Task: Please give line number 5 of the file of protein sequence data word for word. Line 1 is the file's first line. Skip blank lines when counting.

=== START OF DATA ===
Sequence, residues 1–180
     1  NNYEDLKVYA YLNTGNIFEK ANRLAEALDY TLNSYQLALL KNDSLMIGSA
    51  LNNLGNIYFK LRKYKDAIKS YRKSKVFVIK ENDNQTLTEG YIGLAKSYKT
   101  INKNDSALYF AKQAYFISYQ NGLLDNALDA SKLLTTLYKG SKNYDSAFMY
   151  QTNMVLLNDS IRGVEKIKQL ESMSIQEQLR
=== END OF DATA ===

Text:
   151  QTNMVLLNDS IRGVEKIKQL ESMSIQEQLR